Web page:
1 CLINICAL INVESTIGATIONS Late-onset Diffuse Lamellar Keratitis Rie Amano*, Koji Ohno*, Kimiya Shimizu*, Masanobu Suzuki*, Daisuke Aizawa and Mari Komatsu *Department of Ophthalmology, Kitasato University, Kanagawa, Japan; Department of Ophthalmology, Sanno Hospital, Tokyo, Japan Background: Diffuse lamellar keratitis (DLK) is marked by the presence of diffuse or multifocal infiltrates confined to the laser in situ keratomileusis (LASIK) interface. These infiltrates are culturenegative, and the etiology is thought to be noninfectious. Most cases of DLK occur within the first week or 2 following surgery. Cases: We described 2 cases of DLK that occurred 3 months after LASIK. These patients were treated with intensive topical corticosteroids. Results: Treatment with topical corticosteroid was instituted, with rapid improvement in patient symptoms, visual acuity, and slit-lamp biomicroscopic findings. Conclusion: DLK may occur as late as 3 months after LASIK. Jpn J Ophthalmol 2003;47: Japanese Ophthalmological Society Key Words: Diffuse lamellar keratitis, dry eye, laser in situ keratomileusis, meibomian gland dysfunction, Schirmer test. Introduction Diffuse lamellar keratitis (DLK) is an early postoperative complication of laser in situ keratomileusis (LASIK), where a diffuse, white, progressive, and infiltrative opacity develops between the corneal flap and bed 1 or 2 days after surgery. It has been reported that the opacity disappears spontaneously within 1 or 2 weeks after the onset. 1 3 We report 2 cases of DLK, which developed in the third month after LASIK, with a brief review of the literature. To the best of our knowledge, delayed DLK has never been reported in Japan. Case Reports Case 1: a 50-year-old female patient Chief complaint: Myopia to be surgically corrected Received: December 28, 2001 Correspondence and reprint requests to: Kimiya SHIMIZU, MD, Department of Ophthalmology, Kitasato University, Kitasato, Sagamihara, Kanagawa , Japan Jpn J Ophthalmol 47, (2003) 2003 Japanese Ophthalmological Society Published by Elsevier Science Inc. First visit: May 16, 2000 Past history and family history: nothing remarkable Ophthalmological findings on the first visit: The visual acuity was 0.05 ( D cyl 3.00 DA 5º) in the right eye and 0.06 ( D cyl 0.75 DA 175º) in the left eye. No abnormalities were noted in the anterior ocular segment, optic media, or fundus of either eye. The corneal thickness (in the center) was 510 µm in the right eye and 525 µm in the left eye. The corneal endothelial cell density was 2808 cells/mm 2 in the right eye and 2976 cells/mm 2 in the left eye. The Schirmer test (modified type I) showed 6 mm and 10 mm of strip wetting in the right and left eyes, respectively. The tearfilm breakup time (BUT) was 4 seconds in the right eye and 6 seconds in the left eye. Surgical procedures: LASIK was performed in both eyes on June 22, The previously reported procedures were used. 4,5 As for the preoperative treatment, local application of oxytetracycline hydrochloride polymyxin B sulfate (Terramycin) ointment once daily before sleep for 2 days before surgery was prescribed. On the day of surgery, the eyelid skin and conjunctiva /03/$ see front matter doi: /s (03)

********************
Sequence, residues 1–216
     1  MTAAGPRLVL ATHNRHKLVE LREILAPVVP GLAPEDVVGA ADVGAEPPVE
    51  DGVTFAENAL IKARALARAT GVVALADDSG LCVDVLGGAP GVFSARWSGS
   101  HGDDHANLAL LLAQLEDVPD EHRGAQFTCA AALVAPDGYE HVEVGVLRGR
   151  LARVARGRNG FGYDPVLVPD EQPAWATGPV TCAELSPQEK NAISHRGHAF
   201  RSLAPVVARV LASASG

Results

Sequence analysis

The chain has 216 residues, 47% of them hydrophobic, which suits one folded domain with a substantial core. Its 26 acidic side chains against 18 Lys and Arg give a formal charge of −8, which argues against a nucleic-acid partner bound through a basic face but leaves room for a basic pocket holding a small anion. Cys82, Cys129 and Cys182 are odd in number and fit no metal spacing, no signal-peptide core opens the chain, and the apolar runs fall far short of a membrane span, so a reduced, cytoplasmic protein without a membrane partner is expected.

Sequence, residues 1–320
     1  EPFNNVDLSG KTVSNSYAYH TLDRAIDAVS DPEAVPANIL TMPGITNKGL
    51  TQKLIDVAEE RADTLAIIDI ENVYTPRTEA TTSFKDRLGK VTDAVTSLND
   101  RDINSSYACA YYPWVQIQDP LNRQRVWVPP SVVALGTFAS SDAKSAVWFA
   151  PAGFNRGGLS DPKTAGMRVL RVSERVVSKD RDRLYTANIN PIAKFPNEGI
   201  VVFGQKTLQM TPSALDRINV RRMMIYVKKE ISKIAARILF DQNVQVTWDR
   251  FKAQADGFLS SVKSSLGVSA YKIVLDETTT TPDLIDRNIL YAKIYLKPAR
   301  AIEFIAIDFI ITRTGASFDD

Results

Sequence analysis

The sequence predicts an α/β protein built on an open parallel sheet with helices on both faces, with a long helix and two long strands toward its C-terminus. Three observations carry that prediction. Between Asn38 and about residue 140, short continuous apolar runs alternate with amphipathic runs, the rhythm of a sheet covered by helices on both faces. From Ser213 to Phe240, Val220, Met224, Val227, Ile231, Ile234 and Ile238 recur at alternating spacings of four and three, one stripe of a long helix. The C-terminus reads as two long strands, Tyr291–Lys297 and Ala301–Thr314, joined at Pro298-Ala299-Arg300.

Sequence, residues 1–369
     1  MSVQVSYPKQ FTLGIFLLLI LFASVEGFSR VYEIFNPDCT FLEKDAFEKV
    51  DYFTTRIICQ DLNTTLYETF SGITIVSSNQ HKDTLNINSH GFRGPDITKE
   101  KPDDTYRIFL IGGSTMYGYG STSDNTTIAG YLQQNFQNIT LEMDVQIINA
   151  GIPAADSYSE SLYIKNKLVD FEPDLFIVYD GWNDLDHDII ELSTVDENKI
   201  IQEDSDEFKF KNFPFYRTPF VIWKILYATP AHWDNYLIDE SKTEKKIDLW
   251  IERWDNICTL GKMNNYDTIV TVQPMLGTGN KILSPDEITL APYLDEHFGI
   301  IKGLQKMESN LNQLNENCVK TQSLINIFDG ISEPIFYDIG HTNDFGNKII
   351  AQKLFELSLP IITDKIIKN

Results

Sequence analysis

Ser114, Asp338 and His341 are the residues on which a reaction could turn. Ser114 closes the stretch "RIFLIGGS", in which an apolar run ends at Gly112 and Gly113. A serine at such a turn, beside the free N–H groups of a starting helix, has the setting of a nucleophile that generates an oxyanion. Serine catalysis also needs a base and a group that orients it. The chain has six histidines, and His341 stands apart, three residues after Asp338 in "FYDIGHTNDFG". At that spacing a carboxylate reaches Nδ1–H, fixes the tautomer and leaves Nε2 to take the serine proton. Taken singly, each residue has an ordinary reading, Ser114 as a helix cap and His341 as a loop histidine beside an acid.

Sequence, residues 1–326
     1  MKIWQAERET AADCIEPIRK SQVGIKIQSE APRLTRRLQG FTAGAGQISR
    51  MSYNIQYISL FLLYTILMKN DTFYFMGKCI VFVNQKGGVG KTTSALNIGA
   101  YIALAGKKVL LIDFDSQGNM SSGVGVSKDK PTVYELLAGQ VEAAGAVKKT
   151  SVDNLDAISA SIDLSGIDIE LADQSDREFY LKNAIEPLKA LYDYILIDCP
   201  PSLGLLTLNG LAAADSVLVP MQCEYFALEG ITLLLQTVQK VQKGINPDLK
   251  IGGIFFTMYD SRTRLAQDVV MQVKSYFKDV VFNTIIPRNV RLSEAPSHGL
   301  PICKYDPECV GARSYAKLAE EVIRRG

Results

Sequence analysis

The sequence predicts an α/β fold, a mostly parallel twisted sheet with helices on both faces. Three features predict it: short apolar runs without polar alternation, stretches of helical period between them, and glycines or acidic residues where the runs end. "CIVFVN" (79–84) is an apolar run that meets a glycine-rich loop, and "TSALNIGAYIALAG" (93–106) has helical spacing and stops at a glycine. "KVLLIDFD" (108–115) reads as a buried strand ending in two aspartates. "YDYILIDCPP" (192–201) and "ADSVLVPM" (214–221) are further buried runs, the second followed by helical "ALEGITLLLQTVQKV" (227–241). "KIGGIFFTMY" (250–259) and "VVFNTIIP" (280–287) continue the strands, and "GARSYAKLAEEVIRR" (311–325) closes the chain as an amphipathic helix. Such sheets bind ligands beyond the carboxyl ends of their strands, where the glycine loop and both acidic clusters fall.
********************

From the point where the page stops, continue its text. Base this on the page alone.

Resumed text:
2 464 Jpn J Ophthalmol Vol 47: , 2003 were washed with diluted povidone iodine (Isodine) and balanced salt solution (BSS) for disinfection after topical anesthesia with oxybuprocain hydrochloride (Benoxil). Eye drops of oxybuprocain hydrochloride (Minimus) were additionally instilled just before surgery. Surgery was performed using a Moria LSK-ONE microkeratome (vacuum-ring: 2, stop-ring: 7.75 mm) with an aspiration time of 21 seconds in the right eye and 16 seconds in the left eye. A new blade was used in each eye. The microkeratome was sterilized in chlorhexidine gluconate (Hibiten) for 5 minutes and washed with distilled water. An excimer laser system (Smooth Scan S2; VisX, Sunnyvale, CA, USA) was used to obtain emmetropia with the spherical correction of 3.74 D, astigmatic correction of 2.50 D and axial correction of 5º in the right eye, and the spherical correction of 5.34 D in the left eye. Surgery was first performed in the right eye and then in the left eye. The patient wore protective glasses after surgery. The visual acuity was measured 30 minutes after surgery. The postoperative condition of the corneal flap, intralamellar space and corneal bed was examined under a slit-lamp microscope. Abnormal findings, such as malpositioning of the flap, intralamellar foreign body and intralamellar hemorrhage, were not noted. As for the postoperative treatment, instillation four times daily of eye drops, erythromycin lactobionate (Ecolicin), fluorometholone (0.1% Flumetholon), and diclofenac sodium (Diclod), was prescribed. Postoperative examination was scheduled 1 day, 1 week, 2 weeks, 1 month, and 2 months after surgery. Postoperative course: The visual acuity 1 month after surgery was 0.8 ( D cyl 0.50 DA 100º) in the right eye and 1.5 (noncorrigunt) in the left eye. Ophthalmologic examination 2 months after surgery revealed no abnormal findings. However, the patient returned to our clinic on September 14, 2000 (12 weeks after surgery) complaining of foreign-body sensation, lacrimation, and decreased vision in the right eye. The visual acuity was 0.4 ( D cyl 3.50 DA 180º) in the right eye. Slit-lamp microscopy showed mild white opacity, with cellular infiltration in the intralamellar space including an edge of the corneal flap, and parenchymal edema in the flap and bed (Figures 1A and 1B). Based on these findings, a diagnosis of DLK at stage 2 was made. Instillation of eye drops of fluorometholone (0.1% Flumetholon) once an hour was prescribed. Considering the possibility of bacterial infection, instillation four times daily of levofloxacin (Cravit) eye drops also was prescribed. On November 1, the visual acuity improved to 0.7 ( D cyl 2.00 DA 180º) in the right eye. On January 17, 2001, the corneal opacity disappeared and the visual acuity improved to 0.2 ( D cyl 2.00 DA 180º) in the right eye, and the patient had no complaints. The left eye had no abnormalities throughout the postoperative course. On April 13, 2001, photorefractive keratectomy (PRK) was performed to enhance the stability of the improved visual acuity and refraction. Eye drops of erythromycin lactobionate (Ecolicin), fluorometholone (0.1% Flumetholon), and diclofenac sodium (Diclod) were prescribed at four times a day for 3 months after the enhancement Figure 1. Case 1: A 50-year-old woman in whom unilateral diffuse lamellar keratitis developed in the third month after laser in situ keratomileusis. An opacity at stage 2 and edema in the corneal flap are observed in the anterior ocular segment. Epithelial erosion and inflammation were not seen.